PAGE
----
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The accession of Finland and Sweden to Nato would boost the alliance's military and naval access in the Baltic Sea against Russia and transform regional “geometry”, President Joe Biden's nominee to become Nato's next supreme allied commander in Europe said on Thursday.
Gen Christopher Cavoli, currently the commander of US Army Europe-Africa, told the Senate Armed Services Committee that the Nordic countries' membership in Nato would immediately help the alliance.
“From a military perspective, each of those militaries brings quite a bit of capability and capacity to the alliance from day one,” he said.
Given their strategic coastline — particularly Finland’s 1,300-kilometre border with Russia — their membership “would create a very different geometry to the area”, Gen Cavoli said.
“It provides a bunch of different dilemmas, almost geometric dilemmas that Russia does not have right now as they sail forth from St Petersburg to Kaliningrad,” the US military commander said.
He especially emphasised the strength of Finland’s military, which is equipped with F-18 and F-35 fighter jets, and pointed to the country's previous experience fighting Russia in the 1930s.
Gen Cavoli described Sweden’s naval assets in the Baltic Sea as being of “enormous military significance” to the alliance.
The two Nordic countries officially submitted their bids to join Nato this month in response to Russia' invasion of Ukraine.
Nato member Turkey, however, has so far blocked their entry, saying their failure to label the Kurdish militant organisation the PKK a terrorist group is unacceptable. It has also expressed frustration over restrictions on military exports from the countries to Ankara.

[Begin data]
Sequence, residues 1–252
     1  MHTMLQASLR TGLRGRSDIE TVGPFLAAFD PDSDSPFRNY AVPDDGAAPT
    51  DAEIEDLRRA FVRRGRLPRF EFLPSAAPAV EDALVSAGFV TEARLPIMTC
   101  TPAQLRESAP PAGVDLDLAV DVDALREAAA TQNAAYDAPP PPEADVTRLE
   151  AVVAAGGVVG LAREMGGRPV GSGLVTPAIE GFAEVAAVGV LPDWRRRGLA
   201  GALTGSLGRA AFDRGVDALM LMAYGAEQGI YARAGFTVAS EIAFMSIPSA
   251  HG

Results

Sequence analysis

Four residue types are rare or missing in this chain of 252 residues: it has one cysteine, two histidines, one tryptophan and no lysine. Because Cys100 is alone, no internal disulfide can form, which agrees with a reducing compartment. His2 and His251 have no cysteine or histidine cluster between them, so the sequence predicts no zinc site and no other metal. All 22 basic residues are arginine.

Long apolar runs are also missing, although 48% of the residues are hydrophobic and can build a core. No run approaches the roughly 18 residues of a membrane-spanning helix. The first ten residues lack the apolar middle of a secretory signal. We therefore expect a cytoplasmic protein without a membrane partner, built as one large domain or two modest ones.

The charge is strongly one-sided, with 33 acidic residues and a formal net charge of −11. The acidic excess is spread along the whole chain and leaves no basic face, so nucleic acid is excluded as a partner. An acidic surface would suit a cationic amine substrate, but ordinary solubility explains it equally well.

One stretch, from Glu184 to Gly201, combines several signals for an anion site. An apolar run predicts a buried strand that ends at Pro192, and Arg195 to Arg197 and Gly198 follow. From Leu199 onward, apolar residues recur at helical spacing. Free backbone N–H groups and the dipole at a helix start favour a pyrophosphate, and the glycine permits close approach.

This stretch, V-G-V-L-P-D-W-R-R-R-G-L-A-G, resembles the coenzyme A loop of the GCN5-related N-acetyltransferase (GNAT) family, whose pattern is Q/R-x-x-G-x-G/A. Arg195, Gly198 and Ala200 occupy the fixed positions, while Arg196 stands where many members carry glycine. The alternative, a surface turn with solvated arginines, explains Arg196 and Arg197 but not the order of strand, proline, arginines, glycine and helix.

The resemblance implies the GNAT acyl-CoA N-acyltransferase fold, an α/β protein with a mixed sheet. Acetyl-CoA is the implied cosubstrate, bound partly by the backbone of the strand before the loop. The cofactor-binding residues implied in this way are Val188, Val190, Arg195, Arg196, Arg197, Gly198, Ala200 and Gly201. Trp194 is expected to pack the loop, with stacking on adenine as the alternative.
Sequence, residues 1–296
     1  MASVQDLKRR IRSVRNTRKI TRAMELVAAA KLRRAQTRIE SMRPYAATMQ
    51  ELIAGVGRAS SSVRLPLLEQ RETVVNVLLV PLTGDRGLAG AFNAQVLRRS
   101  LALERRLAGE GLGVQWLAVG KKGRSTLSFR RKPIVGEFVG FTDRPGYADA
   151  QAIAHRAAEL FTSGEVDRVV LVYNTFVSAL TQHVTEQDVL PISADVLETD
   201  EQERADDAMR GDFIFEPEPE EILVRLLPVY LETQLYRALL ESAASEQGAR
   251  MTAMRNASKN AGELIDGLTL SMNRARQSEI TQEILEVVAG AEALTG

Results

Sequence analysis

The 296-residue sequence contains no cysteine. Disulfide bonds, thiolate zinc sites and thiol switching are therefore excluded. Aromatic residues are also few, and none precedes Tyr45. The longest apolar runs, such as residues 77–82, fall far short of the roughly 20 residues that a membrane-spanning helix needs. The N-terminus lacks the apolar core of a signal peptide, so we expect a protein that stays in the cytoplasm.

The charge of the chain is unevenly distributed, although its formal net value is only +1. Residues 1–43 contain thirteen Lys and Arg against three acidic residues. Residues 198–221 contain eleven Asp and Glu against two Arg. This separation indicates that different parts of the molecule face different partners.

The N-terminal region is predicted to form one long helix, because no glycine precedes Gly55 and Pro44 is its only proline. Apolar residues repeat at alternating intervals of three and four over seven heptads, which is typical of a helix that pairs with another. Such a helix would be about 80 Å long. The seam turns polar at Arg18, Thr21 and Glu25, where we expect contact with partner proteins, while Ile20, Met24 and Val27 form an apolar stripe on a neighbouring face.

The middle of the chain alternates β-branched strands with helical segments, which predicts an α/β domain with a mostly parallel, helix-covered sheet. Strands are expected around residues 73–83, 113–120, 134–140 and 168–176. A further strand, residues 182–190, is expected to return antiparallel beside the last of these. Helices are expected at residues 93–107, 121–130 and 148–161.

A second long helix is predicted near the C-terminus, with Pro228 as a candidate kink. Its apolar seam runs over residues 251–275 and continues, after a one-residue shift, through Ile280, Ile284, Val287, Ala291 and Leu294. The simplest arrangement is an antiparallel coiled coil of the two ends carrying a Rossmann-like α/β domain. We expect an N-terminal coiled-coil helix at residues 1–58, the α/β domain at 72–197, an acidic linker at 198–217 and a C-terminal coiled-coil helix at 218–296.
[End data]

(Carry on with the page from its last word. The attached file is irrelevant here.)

US officials are hopeful these issues can be resolved diplomatically.
Gen Cavoli did not comment on the negotiations but stressed that he looks forward to Finland and Sweden joining the alliance.
On Ukraine, the US general, who speaks fluent Russian, said that Nato has three goals in the war: that Ukraine emerge from the conflict as “independent and free”, that the alliance stay “unified and strong as ever” and that these goals be attained without Nato “engaging in a war with Russia”.
He also assessed that “there are about 22 million tonnes of grain in Ukraine waiting to be pulled out”, but that they have been blocked because of Russia’s dominance in the Black Sea.
On Thursday, a senior US defence official told reporters that Russia has increased its air defence systems on Snake Island in the Black Sea.
“It gives them additional options, it gives them additional flexibility in the northern Black Sea,” the official said.
The Pentagon assessed that Russia has lost almost 1,000 tanks, at least 50 helicopters, three dozen fighter-bomber aircraft and 350 artillery pieces in the three months since it invaded Ukraine.
The official pointed to incremental Russian gains in the eastern part of the country but argued that the fighting could drag on for a long time.
“It is, in fact, very much an artillery duel. And now it's a scrap over smaller pieces of earth and it could go on for quite a while,” the official said.